In their last film, two documentary masters, Les Blank and Ricky Leacock, get together to chat about films, friends and the joys of French cuisine. “Like a parting gift from them to cinema.” — Jeff Reichert, Reverse Shot
Screened as part of NZIFF 2015
Two giants of American documentary get together for one last friendly tussle in this poignant, charming film. Ricky Leacock started out in the 1940s as an assistant to documentary pioneer Robert Flaherty, and revolutionised the genre in the 60s as an architect of Direct Cinema, the more free-form and observational mode of filmmaking that gave us the Maysles brothers (Grey Gardens) and D.A. Pennebaker (Monterey Pop). Leacock’s disciples included Ross McElwee (Sherman’s March) and the maker of this film portrait, Les Blank. Best known for his unforgettable ‘making of Fitzcarraldo’ film, Burden of Dreams, Blank was for decades America’s foremost chronicler of regional music and food culture, a delicious legacy recently celebrated in beautiful digital transfers by Criterion.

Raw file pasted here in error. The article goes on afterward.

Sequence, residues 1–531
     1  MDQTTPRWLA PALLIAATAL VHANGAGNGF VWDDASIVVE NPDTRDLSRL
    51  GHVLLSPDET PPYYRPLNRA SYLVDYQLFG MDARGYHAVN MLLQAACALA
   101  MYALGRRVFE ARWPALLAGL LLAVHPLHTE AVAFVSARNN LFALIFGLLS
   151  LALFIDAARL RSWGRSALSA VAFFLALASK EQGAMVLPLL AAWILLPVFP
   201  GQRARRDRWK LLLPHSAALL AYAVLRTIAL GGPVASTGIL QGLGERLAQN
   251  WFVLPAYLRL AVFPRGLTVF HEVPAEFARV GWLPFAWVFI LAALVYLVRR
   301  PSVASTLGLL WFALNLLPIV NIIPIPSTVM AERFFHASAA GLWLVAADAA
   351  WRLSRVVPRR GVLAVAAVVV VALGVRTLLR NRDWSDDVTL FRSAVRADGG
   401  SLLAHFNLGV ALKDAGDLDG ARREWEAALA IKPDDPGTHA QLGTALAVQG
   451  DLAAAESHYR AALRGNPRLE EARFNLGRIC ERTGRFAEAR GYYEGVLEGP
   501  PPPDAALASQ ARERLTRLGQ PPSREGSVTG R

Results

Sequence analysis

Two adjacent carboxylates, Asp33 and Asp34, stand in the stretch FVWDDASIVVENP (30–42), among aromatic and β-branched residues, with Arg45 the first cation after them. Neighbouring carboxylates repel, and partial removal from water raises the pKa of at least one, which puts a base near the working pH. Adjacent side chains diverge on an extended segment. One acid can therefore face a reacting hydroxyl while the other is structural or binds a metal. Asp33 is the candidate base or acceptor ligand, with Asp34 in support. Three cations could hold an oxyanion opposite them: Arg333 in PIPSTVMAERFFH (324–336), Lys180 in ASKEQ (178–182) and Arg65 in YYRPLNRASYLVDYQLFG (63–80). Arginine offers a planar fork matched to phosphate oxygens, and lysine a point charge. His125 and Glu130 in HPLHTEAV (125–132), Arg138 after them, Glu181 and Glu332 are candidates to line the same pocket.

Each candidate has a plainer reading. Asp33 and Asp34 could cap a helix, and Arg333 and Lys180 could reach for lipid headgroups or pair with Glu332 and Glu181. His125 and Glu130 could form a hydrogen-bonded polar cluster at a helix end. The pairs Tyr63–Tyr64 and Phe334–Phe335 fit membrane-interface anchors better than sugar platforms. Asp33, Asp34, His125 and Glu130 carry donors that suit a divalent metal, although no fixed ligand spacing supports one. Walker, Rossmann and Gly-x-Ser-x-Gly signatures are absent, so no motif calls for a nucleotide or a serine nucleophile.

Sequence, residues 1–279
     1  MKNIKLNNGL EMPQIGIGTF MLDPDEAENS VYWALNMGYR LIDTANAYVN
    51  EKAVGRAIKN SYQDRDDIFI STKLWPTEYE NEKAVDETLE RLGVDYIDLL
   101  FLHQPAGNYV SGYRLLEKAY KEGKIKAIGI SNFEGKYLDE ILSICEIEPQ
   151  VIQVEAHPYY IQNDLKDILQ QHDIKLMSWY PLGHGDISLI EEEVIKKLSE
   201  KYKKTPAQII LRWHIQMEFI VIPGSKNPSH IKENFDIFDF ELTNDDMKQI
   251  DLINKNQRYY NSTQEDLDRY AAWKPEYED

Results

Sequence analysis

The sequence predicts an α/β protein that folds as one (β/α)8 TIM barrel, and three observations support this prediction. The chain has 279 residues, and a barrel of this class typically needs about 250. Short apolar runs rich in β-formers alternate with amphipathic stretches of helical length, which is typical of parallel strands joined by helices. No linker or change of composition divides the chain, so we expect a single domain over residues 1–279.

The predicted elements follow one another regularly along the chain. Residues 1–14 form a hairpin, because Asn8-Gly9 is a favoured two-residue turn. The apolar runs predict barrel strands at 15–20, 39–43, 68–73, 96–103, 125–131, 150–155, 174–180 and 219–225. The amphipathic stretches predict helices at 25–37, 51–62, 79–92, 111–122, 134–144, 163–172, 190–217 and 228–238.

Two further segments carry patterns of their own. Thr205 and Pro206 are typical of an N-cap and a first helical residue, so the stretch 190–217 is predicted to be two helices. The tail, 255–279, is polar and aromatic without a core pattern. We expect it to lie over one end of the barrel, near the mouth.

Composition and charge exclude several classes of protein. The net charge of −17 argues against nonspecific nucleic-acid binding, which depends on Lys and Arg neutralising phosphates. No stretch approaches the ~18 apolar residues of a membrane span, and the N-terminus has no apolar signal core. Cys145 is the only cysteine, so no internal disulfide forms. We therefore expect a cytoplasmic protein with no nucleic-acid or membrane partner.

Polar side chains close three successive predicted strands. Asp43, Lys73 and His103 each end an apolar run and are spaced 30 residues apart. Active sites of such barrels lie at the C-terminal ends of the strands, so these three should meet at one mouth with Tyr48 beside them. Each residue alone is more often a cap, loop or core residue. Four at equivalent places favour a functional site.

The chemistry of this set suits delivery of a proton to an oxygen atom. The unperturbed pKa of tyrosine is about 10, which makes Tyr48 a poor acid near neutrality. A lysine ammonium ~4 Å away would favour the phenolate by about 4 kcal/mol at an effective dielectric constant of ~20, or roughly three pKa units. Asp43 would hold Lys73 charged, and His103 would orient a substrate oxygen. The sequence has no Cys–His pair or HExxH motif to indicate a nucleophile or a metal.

Blank’s last feature, completed by collaborator Gina Leibrecht, finds him visiting Leacock at his Normandy home, where they chat about his work, generously illustrated with extracts from such films as Primary (about JFK’s 1960 presidential campaign) and Lulu in Berlin (about aging silent film icon Louise Brooks). The two of them also cook up a roast lamb dinner, and you may want to take notes as Leacock shares his passion for French cooking. Leacock is as like a mind as Blank ever filmed, so it’s fitting that this film shows us more of Blank himself than any previous one. Most of the footage was shot in 2000.
Leacock died in 2011 and Blank in 2013, so this is effectively the final film of both men, whose larger-than-life personalities burn brightly in every scene. — AL
“A covert, rigorously structured study of Ricky Leacock’s huge career and import… A showcase for one filmmaker’s adoration and respect for another… the genial sweetness of their ramble through the history of documentary film takes on an overwhelming poignancy… like a parting gift from them to cinema, a vision from beyond the grave.” — Jeff Reichert, Reverse Shot